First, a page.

Even the trash-can liner newspaper that caused us to be hunted down by reward-sniffing hounds has backed off, terminating their contest.
Having convoked his boyars he reproached them collectively with robbing the treasury and committing acts of injustice, and he caused one of them, a Prince Shuiski who happened to be in power at the moment, to be seized by his huntsmen and torn in pieces by a pack of hounds, as a warning to others.
The banshee is perhaps connected with ancestral or house spirits; the Wild Huntsman, the Gabriel hounds, the Seven Whistlers, &c., are traceable to some actual phenomenon; but the great mass of British goblindom cannot now be traced back to savage or barbarous analogues.
1605), grandson of Claude, duke of Guise, master of the hounds and master of the horse of France.
Thus in borage it is rotate, tubular in comfrey, funnel-shaped in hounds-tongue, and salvershaped in alkanet (Anchusa); the throat is often closed by scale-like outgrowths from the corolla, forming the so-called corona.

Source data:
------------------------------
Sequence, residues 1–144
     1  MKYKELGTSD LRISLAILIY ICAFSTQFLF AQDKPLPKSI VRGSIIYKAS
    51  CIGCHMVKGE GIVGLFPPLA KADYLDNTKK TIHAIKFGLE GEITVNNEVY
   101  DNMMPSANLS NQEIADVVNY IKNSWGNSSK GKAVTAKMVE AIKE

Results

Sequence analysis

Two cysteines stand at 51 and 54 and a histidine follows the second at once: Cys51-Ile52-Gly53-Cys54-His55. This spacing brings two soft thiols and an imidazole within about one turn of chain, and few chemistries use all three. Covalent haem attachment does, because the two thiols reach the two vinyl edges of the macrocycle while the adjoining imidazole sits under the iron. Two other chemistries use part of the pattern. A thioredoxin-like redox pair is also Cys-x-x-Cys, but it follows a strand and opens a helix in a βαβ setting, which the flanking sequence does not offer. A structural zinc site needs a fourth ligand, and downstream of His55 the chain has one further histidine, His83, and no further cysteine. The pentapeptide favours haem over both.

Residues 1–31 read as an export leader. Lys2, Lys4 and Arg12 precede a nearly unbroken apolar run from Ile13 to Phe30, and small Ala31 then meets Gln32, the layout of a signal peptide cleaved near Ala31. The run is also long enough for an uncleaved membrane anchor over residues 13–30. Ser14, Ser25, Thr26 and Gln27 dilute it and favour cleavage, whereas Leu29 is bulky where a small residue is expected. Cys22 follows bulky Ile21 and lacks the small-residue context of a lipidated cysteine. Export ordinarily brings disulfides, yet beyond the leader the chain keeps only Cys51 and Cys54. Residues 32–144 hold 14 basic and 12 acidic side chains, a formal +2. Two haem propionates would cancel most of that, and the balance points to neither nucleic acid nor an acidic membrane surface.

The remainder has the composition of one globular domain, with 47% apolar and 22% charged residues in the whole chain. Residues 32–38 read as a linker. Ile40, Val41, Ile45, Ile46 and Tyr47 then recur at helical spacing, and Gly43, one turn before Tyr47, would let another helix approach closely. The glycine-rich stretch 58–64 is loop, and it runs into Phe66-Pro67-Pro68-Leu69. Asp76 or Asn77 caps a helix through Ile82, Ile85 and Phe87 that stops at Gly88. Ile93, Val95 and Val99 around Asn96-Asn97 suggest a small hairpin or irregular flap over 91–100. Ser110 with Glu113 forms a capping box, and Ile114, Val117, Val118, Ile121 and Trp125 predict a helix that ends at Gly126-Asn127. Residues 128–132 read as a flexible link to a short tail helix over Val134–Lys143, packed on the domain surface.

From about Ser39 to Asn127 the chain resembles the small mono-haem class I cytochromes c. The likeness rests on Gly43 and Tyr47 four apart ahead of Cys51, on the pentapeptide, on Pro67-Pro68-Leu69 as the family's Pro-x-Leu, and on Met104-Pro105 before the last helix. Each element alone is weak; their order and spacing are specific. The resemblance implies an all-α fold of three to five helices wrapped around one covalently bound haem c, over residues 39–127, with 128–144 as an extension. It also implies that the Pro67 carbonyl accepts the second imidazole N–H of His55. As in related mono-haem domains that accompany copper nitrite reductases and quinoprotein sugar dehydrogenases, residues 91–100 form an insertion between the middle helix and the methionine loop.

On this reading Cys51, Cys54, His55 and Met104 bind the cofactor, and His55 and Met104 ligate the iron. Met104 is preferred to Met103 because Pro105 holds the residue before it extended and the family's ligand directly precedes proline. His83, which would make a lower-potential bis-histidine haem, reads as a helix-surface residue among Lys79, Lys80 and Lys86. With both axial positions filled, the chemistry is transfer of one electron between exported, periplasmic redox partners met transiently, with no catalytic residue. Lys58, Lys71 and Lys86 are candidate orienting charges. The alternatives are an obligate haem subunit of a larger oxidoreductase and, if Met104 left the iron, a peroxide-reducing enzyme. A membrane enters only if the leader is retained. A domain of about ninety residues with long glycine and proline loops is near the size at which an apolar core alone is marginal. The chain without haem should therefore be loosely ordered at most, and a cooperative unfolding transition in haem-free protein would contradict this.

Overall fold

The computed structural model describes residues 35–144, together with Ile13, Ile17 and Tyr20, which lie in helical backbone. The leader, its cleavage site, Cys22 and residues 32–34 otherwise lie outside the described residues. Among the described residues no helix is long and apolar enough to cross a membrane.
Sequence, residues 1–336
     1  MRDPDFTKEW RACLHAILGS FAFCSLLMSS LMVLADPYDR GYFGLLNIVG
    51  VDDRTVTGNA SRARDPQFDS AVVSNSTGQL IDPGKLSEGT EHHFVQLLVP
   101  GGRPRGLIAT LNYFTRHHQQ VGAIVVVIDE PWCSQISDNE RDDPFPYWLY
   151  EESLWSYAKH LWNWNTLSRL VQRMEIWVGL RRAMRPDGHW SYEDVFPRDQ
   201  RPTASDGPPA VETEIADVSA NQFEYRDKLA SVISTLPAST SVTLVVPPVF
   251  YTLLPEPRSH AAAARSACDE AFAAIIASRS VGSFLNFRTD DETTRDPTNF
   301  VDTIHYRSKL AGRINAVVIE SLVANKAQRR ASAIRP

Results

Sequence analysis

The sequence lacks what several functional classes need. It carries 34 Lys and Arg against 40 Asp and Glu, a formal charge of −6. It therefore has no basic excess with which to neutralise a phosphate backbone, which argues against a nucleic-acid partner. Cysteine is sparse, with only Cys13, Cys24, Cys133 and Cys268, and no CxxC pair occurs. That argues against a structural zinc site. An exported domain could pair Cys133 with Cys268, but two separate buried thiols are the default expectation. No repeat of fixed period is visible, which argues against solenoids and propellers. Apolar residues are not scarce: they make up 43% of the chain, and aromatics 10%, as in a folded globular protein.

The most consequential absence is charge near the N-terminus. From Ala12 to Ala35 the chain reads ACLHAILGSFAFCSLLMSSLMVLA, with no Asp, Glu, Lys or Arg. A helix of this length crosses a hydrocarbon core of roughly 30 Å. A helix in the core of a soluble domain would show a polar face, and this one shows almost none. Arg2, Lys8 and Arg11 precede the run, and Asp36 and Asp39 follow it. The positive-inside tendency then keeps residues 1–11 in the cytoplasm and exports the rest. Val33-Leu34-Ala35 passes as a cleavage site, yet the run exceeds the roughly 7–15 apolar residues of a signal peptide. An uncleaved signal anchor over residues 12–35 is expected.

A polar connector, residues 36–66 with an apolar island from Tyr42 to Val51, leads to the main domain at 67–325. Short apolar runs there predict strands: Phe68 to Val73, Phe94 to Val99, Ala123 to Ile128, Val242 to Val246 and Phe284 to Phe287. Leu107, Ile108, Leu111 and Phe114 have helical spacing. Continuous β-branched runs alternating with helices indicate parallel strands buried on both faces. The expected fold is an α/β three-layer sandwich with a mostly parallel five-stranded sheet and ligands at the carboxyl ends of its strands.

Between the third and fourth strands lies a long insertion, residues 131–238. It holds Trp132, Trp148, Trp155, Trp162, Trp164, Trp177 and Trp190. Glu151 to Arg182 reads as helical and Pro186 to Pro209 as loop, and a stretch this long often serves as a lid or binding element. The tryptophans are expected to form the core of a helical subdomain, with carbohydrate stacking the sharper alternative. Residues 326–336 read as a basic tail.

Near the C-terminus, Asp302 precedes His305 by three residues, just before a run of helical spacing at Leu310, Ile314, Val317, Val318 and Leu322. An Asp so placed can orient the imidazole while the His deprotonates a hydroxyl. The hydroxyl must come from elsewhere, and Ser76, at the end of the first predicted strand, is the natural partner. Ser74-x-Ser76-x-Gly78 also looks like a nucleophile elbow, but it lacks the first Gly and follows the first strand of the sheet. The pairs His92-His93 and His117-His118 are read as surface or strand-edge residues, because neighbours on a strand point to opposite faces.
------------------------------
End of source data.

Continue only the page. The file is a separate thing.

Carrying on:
Bulldog, bulldog (miniature), mastiff, Great Dane, Newfoundland (black, white and black, or other than black), St Bernard (rough and smooth), Old English sheepdog, collie (rough and smooth), Dalmatian, poodle, bull terrier, white English terrier, black and tan terrier, toy spaniel (King Charles or black and tan, Blenheim, ruby or red and tricolour), Japanese, Pekingese, Yorkshire terrier, Maltese, Italian greyhound, chowchow, black and tan terrier (miniature), Pomeranian, pug (fawn and black), Schipperke, Griffon Bruxellois, foreign dogs (bouledogues frangais, elk-hounds, Eskimos, Lhasa terriers, Samoyedes and any other varieties not mentioned under this heading).
So great a success was scored that other shows were held in the same year at Birmingham and Edinburgh; while the Cleveland Agricultural Society also established a show of foxhounds at Redcar, the latter being the forerunner of that very fine show of hounds which is now held at Peterborough every summer and is looked upon as the out-of-season society gathering of hunting men and women.